Throughout summer, short films and animations on the theme

of Love will screen for free every Wednesday. On 9 Feb is Paris

Je-Taime, 16 Feb screens Across the Universe, and 23 Feb

hosts Eternal Sunshine of the Spotless Mind.

Eat Drink Perth

Presented by the City of Perth

25 Feb - 31 Mar, various locations

Eat Drink Perth is a month-long festival celebrating the city’s

food and drink culture with a program of events that includes

wine tasting, coffee classes, cooking demonstrations,

degustations, progressive dinners, cocktail evenings and

much more. See www.eatdrinkperth.com.au

Shops open every day except Good Friday,

ANZAC Day, Christmas Day and New Year’s Day.

SEA

MORE

Cnr King and Flinders Streets, Melbourne,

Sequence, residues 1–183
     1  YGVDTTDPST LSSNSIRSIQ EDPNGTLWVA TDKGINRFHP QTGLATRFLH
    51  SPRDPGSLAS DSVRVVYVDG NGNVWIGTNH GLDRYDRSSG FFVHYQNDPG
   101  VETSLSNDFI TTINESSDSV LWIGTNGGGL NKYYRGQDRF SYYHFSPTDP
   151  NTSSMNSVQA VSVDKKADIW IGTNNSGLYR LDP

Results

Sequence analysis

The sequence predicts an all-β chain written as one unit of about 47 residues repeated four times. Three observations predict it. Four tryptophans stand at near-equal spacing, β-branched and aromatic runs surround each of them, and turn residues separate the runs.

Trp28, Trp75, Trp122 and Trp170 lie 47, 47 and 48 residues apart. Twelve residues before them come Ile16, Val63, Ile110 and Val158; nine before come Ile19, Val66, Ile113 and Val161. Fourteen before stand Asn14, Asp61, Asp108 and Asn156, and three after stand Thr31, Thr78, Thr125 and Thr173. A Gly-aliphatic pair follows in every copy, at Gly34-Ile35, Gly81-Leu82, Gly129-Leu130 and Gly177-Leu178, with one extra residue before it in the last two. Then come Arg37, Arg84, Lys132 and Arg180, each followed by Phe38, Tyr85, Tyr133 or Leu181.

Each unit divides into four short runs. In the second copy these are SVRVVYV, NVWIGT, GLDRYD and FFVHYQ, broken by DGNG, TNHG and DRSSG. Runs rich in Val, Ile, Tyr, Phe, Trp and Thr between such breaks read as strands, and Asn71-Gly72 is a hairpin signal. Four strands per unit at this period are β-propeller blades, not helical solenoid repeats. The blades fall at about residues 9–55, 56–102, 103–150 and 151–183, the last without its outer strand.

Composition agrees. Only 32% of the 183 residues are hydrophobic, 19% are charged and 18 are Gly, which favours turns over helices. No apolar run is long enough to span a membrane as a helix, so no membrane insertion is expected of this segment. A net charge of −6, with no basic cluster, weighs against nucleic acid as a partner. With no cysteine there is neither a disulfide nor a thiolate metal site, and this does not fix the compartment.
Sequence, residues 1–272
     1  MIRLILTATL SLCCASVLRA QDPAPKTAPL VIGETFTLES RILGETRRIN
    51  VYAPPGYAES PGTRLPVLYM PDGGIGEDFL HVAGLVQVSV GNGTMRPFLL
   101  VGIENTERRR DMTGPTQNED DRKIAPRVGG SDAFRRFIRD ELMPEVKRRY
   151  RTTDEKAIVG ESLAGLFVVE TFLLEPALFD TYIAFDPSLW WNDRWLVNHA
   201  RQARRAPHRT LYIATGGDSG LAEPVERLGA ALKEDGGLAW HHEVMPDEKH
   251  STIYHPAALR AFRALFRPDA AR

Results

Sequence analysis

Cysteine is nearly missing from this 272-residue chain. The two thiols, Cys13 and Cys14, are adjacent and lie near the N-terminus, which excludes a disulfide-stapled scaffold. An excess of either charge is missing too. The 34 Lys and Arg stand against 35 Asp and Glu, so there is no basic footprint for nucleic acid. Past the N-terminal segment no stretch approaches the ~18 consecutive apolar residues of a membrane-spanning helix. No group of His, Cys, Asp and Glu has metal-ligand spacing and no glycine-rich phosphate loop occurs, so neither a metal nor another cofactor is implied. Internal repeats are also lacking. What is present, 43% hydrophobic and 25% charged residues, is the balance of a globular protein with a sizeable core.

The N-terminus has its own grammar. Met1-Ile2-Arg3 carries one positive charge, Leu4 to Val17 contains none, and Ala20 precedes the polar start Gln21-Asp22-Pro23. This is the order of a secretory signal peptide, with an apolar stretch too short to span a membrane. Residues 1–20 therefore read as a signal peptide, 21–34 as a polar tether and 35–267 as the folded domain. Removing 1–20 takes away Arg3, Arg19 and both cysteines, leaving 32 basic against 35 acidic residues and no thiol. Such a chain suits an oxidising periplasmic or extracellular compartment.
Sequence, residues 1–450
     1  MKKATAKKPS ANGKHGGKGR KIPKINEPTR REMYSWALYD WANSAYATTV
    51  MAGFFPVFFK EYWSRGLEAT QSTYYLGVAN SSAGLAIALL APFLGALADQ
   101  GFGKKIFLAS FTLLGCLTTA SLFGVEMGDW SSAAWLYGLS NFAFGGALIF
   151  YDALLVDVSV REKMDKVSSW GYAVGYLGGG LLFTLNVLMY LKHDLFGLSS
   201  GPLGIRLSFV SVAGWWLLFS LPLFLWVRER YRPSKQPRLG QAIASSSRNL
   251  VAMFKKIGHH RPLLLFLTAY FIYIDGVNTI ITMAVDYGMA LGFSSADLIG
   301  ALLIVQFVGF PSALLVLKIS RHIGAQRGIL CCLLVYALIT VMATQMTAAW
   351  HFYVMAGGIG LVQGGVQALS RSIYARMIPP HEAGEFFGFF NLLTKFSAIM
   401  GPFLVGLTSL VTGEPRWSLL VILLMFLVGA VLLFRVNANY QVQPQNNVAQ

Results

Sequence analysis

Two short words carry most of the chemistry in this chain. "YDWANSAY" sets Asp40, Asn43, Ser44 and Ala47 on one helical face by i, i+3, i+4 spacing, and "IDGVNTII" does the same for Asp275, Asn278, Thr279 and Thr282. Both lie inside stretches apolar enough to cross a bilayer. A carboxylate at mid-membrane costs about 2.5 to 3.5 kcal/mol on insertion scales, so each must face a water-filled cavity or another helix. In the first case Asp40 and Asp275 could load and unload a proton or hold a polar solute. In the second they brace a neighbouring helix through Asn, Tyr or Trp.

Victoria, Australia Ph 03 9923 5999

www.melbourneaquarium.com.au


market place.

GOLD COAST

CALL TALLSHIP CRUISES

+61 7 5532 2444

Located on the Gold Coast www.tallship.com.au

76 FEBRUARY 2011






















The Veronica George Gallery represents a large

number of leading Australian glass artists and

showcases many of their complex glass techniques.

In addition to the wide selection of tasteful gifts and

special pieces for the interior, we have unique works of

art for the collector.

As well as the magnificent variety of original handblown

glass, there is a fine collection of contemporary

jewellery by well-known Australian artists.

1082 High St, Armadale,

Melbourne, 3143

Ph: 03 9500 9930

Fax: 03 9500 9125

veronica@veronicageorge.com.au

www.veronicageorge.com.au

To advertise your business in market place, please contact the Jetstar Magazine sales team:

OPEN 7 DAYS

Mon to Sat

10am to 5.30pm

and Sun

11am to 5.30pm


Jetstar Magazine.

Ph: 1800 202 901 (within Australia) I +65 6324 2386 (outside of Australia) I email: jetstar.ads@ink-global.com

FEBRUARY 2011 77